8) Green tea helps weight loss
Overweight individuals who consumed at least two to three cups of green tea per day had more success losing weight than those who didn’t, according to a study conducted by Yokohama City University in Japan. Researchers attribute green tea’s ability to fight fat and prevent obesity to its high concentration of catechins.
Studies show that catechins (particularly EGCG) are effective for increasing energy expenditure and burning fat quickly, even during rest. Green tea is also thought to help prevent obesity-related diseases such as diabetes because it blocks the absorption of glucose from food and encourages your body to burn its own stored fat instead.
9) Caffeine in green tea stimulates fat-burning enzymes in your body
The caffeine in green tea is an added bonus to all of its health benefits. It increases your body’s resting metabolic rate, and recent studies show that it also aids in fat burning. In fact, one study found that people who drink four cups of green tea every day can burn up to 70 additional calories per day.
Over time, these small amounts will certainly add up and help you lose weight much faster than if you were just sitting around drinking coffee all day! Coffee contains less than 1 percent polyphenols: As mentioned earlier, caffeinated green tea contains about 50 percent more antioxidants than black tea. While both teams come from a plant known as Camellia sinensis, only green tea is made from unfermented leaves.
10) Tea prevents Alzheimer’s Disease
A Harvard Medical School study found that drinking green tea is a natural way to keep Alzheimer’s at bay. A compound in green tea called epigallocatechin gallate (EGCG) has been shown to prevent beta-amyloid from forming, which is believed to be one of the main causes of Alzheimer’s disease.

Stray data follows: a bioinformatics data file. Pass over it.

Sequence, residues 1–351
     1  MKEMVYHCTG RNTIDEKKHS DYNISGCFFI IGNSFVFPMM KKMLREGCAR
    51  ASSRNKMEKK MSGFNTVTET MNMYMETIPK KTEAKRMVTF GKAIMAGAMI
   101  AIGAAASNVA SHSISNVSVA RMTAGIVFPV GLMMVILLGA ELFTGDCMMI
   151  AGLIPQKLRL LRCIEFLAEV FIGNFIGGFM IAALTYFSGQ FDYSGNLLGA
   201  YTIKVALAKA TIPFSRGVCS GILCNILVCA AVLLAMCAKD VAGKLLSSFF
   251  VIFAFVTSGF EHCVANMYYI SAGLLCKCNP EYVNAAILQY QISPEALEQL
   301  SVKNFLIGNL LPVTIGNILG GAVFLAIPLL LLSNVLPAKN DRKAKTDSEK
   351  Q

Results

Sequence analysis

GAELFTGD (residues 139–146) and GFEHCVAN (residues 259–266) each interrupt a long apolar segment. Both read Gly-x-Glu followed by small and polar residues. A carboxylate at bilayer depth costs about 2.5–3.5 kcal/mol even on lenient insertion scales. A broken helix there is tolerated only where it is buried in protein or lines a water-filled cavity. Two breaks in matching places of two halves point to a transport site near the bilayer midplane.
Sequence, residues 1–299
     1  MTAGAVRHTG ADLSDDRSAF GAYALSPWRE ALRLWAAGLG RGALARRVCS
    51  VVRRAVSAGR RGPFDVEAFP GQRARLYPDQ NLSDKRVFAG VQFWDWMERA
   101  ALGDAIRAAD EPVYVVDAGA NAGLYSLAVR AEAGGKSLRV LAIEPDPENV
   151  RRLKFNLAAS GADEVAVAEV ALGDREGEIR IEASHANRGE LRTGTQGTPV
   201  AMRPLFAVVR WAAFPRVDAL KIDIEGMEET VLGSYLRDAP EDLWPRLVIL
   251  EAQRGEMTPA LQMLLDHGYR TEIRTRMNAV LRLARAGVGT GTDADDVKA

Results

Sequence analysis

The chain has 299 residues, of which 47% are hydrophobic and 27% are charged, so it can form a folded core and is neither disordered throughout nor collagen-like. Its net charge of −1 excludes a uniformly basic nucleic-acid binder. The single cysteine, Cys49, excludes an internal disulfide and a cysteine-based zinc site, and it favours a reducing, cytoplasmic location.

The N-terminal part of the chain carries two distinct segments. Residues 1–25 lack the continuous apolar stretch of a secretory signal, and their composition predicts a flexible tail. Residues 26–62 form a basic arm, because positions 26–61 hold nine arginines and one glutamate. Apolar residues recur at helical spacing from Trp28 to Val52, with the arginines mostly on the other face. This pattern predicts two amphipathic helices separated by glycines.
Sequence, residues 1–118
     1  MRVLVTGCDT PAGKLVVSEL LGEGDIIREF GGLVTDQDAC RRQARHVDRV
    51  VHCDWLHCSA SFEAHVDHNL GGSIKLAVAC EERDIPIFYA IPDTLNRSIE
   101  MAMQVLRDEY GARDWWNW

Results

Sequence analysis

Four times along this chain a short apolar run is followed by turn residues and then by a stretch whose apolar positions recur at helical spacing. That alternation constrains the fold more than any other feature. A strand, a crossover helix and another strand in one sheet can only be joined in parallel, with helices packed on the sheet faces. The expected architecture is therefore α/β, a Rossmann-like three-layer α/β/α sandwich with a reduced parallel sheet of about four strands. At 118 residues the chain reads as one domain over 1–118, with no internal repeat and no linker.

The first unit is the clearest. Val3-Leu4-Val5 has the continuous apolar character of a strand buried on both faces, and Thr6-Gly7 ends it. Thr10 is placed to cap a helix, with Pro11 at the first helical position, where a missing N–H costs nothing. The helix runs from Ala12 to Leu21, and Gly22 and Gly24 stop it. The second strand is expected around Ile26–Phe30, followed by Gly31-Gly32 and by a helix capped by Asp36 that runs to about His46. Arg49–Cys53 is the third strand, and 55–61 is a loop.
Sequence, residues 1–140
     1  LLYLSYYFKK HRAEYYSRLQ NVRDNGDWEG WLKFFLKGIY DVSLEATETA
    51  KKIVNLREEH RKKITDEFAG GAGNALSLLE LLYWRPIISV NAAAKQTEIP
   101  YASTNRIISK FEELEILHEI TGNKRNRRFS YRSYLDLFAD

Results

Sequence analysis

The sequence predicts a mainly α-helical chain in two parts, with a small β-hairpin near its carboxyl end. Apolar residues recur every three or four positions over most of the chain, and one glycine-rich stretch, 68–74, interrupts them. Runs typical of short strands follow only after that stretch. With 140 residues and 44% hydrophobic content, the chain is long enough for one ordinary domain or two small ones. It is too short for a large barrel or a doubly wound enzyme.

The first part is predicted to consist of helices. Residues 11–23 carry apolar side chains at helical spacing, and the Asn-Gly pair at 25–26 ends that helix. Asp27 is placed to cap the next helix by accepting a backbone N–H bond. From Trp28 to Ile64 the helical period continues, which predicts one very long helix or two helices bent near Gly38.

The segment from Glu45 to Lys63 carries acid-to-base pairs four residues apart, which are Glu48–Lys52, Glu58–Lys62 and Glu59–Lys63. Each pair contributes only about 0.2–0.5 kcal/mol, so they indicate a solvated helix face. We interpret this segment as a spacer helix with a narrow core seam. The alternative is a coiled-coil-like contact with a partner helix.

In fact, researchers have found that rats fed EGCG performed better on memory tests than those who weren’t given green tea extract. Other studies have shown that EGCG can slow or even reverse brain aging by increasing oxygen flow and stimulating brain cell metabolism. Drink up!
The health benefits of green tea are many, but drinking it regularly has been shown to provide protection against a wide range of illnesses and ailments. In particular, green tea may protect your cardiovascular system and help ward off obesity, cancer, liver damage, high cholesterol levels and hypertension (high blood pressure).
Research continues to delve into all that green tea has to offer. The results so far show that it could be one of nature’s best remedies for staying healthy for years to come.